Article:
Learning at the Core: Knowledge Management as an Employer Strategy for Lifelong Learning

Learning at the Core: Knowledge Management as an Employer Strategy for Lifelong Learning

Ernesto Villalba (Centre for Research on Lifelong Learning (CRELL, Institute for Protection and Security of the Citizen (IPSC) and European Commission)- Joint Research Centre, Italy)
DOI: 10.4018/978-1-60566-270-1.ch009
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Abstract

The present study explores the relationship between the knowledge-enabling environment and the demand of training in 18 small private companies providing educational and consultancy services in Sweden. In this way, the chapter is an exploration of the ways Swedish knowledge-intensive companies manage their knowledge. The 18 companies have participated in a European programme for employee’s competence, financed by the European Social Fund. As part of this European financed programme, companies have evaluated their business activity and determined their training needs in order to remain competitive. The 18 companies, thus, are in a position of providing information on the demand for learning that is rarely available. Knowledge is understood, here, both as the structure and the content of the mental schemas. It is embodied in individuals; it differs from information and data; and it can be tacit or explicit. Knowledge is a dynamic entity that is in a constant dialectic process with the reality it represents. It is through this dialectic process that people learn. This conceptualization of knowledge implies that when looking at organizational processes for managing knowledge, it is important not only to look at formal organized activities for learning, but also informal learning activities that constitute the main source for tacit knowledge, as well as the conditions in place for knowledge creation, what is here called the knowledge-enabling environment. It is argued that through knowledge management, companies are indeed implementing strategies for the promotion of lifelong learning. Lifelong learning has been used in policy arenas as a guiding principle for educational policies and reforms.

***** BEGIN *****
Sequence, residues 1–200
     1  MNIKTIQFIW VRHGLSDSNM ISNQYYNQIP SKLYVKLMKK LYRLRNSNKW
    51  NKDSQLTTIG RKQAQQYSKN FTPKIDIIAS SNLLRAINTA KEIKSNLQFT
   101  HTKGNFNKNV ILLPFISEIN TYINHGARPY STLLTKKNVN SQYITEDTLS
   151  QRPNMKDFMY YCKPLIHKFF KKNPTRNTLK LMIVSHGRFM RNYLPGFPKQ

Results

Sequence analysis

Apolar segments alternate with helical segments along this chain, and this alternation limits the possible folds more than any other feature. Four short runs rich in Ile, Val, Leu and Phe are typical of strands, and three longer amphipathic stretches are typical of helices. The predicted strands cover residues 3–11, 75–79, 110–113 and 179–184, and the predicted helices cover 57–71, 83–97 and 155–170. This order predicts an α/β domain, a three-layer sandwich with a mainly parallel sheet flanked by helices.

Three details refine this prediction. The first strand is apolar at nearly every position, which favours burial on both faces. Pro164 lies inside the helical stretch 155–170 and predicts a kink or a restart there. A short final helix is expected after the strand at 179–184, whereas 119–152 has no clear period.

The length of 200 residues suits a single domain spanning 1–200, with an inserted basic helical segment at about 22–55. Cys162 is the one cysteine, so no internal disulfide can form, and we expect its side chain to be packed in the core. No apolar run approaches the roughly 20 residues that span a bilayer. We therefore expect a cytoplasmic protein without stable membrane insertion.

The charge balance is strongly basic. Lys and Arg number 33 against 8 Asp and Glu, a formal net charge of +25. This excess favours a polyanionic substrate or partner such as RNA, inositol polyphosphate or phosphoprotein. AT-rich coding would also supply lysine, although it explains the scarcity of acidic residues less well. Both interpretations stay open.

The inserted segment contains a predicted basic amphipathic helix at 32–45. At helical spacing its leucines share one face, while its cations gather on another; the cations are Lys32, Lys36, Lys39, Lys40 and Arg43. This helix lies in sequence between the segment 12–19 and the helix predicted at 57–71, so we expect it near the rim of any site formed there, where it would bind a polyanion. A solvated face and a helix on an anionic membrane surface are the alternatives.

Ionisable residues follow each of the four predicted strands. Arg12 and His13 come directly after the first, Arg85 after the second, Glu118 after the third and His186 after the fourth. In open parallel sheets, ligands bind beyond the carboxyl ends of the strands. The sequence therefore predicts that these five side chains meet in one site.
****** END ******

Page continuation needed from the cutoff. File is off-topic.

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Introduction

Training and competence development is one of the principal activities to maintain and renew knowledge, and hence, competitiveness. At the political level, the European Union is making efforts to establish a European area of lifelong learning, promoting initiatives towards skills and competence development (see e.g., European Commission, 2005). Member states have placed lifelong learning at the center of their educational debates, and the concept has become integrated into the policy discourse (see e.g., CEDEFOP & EURYDICE, 2001; Field, 2000; Leader, 2003). The basic principle in lifelong learning is that knowledge, skills, and competencies should be constantly updated throughout life. The knowledge and skills acquired at one point in time are no longer sufficient for the entire working life (Lundvall, 2000; Tuijnman, 1999); workers are demanded to be autonomous lifelong learners, with higher levels of multiple skills, and flexibility.

Lifelong learning is an underlying principle that arguably has guided educational reforms in the last 20 years. Three main attributes define lifelong learning (Rubenson, 2001): (1) it refers to the whole life span (lifelong); (2) it takes into account different forms of learning (life-wide): and, (3) it places major emphasis on learning, which in turn emphasizes the importance of individual involvement in her/his own learning. As indicated in Aspin et al. (Aspin, Chapman, Hatton, Sawano 2001, p. xx-xxi) lifelong learning has an economic justification in that it is instrumental in maintaining competitiveness and innovation. In addition, the discourse on lifelong learning defends learning as an “intrinsically valuable activity.” Finally, lifelong learning is seen as a “pre-requisite for informed and effective participation in society.”